Top Shelf Productions


convention season is upon us

January 24, 2006

Yes, people, it's that time of year. The air miles start piling up. The long road-trips on the odometer. The junk food. The drunkenness. Rabble rousing with the peers. Laughing at the ponytailed mullets and full-length, black leather trench coats. I LOVE convention season!

Oh, and there's the comics. Between Chris Staros, Rob Venditti, and myself we'll be hitting upwards of 20 conventions this year. Chris and Rob do the bulk... since they live in Atlanta, they can hit up all the east coast shows, most of which they drive to.

Smaller shows we can separate out one man at a time to represent Top Shelf, while others … big guns like Chicago, San Diego, SPX, and MoCCA … demand a staff. We're a few shows down from some previous years, but we've whittled them down to the one's that are either "must-attend" shows, because of their history, and/or conventions that can turn a profit. (Comics conventions do take in almost a third of our gross income, after all.)

We hear a lot of grief from some in the retailer community who claim that we're "stealing" money from them by attending conventions, more specifically by launching new books at them. Forgive me, but i beg to differ. The truth is that if Chris and myself had not been attending these trade shows so aggressively since the minute we started publishing (even before we teamed up to form what is now Top Shelf) … meeting the fans, making the connections, and pimping our wares… we literally wouldn't today have any books of whatever value for the retail community to sell. We simply would not have survived as long as we have, the cons are so key to us.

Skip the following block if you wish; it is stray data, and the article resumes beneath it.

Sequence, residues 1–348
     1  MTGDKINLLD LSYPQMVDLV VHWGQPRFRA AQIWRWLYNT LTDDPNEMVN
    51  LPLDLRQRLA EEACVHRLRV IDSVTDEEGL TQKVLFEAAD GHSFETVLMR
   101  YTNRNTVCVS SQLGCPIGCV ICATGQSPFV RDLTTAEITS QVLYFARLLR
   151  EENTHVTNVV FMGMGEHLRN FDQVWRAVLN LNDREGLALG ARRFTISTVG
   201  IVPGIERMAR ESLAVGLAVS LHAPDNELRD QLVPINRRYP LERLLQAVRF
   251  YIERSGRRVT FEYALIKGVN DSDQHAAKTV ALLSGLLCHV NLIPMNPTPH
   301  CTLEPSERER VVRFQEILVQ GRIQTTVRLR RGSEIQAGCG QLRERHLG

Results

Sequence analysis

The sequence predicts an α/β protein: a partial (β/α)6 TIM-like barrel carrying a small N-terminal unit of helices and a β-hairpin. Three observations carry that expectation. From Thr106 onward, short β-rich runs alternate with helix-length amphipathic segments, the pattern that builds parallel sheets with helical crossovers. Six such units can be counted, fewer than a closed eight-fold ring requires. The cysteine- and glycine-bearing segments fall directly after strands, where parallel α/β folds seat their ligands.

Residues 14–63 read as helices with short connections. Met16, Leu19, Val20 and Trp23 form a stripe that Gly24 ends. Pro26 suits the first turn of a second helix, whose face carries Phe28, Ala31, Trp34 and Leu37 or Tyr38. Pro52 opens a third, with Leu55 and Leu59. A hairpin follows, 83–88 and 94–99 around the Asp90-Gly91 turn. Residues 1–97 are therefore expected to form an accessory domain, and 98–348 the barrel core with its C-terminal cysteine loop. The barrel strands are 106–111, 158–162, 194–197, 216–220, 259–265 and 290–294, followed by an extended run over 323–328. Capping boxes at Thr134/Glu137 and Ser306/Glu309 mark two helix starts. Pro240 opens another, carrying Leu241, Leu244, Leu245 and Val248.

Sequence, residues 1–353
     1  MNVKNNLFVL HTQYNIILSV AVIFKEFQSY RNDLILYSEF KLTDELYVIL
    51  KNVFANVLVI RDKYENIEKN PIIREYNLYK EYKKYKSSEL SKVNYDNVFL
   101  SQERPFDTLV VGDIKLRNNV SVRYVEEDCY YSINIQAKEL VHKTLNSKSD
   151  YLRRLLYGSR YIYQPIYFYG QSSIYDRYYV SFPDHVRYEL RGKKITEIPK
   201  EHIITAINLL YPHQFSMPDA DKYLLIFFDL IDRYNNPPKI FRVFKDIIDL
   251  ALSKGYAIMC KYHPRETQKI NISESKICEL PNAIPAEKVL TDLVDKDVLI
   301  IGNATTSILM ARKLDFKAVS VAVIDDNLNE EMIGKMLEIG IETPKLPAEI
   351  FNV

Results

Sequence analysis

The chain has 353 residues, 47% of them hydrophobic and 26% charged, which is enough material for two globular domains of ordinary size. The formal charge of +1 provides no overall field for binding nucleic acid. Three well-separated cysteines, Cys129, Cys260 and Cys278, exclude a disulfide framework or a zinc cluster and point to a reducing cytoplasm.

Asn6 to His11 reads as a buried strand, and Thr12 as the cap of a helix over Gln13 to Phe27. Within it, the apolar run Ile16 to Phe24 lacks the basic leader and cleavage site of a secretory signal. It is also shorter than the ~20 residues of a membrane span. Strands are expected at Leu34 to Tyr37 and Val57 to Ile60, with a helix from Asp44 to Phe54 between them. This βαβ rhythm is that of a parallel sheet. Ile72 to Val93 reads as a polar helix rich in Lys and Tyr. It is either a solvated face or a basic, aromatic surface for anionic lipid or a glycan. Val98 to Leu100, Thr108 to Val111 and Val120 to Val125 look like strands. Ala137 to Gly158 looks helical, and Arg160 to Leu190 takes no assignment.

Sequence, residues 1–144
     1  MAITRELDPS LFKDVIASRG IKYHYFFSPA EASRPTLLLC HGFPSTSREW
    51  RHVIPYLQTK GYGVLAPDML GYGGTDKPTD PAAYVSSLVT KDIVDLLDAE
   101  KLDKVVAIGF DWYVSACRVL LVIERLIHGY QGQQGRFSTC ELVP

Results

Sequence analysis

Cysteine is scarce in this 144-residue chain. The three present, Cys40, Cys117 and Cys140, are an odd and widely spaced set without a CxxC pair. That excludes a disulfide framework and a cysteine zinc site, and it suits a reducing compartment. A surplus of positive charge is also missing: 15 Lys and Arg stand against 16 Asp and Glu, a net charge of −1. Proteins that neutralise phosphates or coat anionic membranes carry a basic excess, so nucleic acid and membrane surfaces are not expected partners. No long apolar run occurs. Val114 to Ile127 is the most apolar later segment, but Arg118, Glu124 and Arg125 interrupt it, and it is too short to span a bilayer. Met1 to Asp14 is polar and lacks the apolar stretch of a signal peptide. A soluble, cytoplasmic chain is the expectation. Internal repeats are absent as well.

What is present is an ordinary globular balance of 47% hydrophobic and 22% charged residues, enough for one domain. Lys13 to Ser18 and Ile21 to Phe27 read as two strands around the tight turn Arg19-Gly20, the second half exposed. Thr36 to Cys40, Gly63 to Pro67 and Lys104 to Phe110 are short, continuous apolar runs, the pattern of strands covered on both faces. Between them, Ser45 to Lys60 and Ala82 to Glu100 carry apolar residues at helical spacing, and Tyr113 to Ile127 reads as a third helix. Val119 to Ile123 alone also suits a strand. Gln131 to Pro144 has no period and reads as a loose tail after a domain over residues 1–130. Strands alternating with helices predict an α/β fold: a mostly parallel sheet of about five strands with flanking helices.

Moreover, for each one of the world-class retailers we have in this biz (to whom i'm eternally grateful and most of whom i'm pals with), there are fifty who have never even heard of Top Shelf, let alone ordered any of our books. These are the people who think that Neil Gaiman's Sandman is "alternative comics." And it's because we don't get the volume of support on our advance orders to often times even cover the print run on a given book, that we are obligated to launch certain books at conventions. This not only helps cover up-front costs, but i would posit that it ultimately helps retailers by building buzz around certain books. Buzz that might turn a one-time sale into a perennial seller.

To the retailers who know from good comics, i salute you. You know who you are. If you're scratching your head, wondering "who the hell is Top Shelf?," then i invite you to swing by our booth at any one of the following conventions and talk shop. We've got some pretty good stuff. And we're always makin' deals.

Here's a list of all the shows we plan on attending in 2006.

Meanwhile, i'm gearing up for the first of two 10-hour drives i'll be making from Portland to San Francisco this year, for WonderCon, February 10-12.

I'm looking forward to this show. Last time i went was pretty fun. I got to meet Robbie Robbins at iDW, a swell guy, a hoops fan, and a heck of a designer. (Although i do believe recently he's been promoted.) Also, i shared a room with, and partied my ass off with, Charles Brownstein, the main man at the Comic Book Legal Defense Fund. Charles knows all the haunts, and is a tour guide supreme.

After WonderCon i'll be driving up to Seattle for the Emerald City Con (April 1 & 2), then the following weekend (April 8 & 9) i'm driving back down to San Fran for APE. (Which i've been to since APE II, way back in 1996.) Said road trips behind me, i'll be flying to MoCCA, San Diego, Book Expo, and SPX. Last on the slate is the Stumptown Comics Fest, right here in Portland, sometime in October.

A great link to info you might need for almost any convention you can imagine: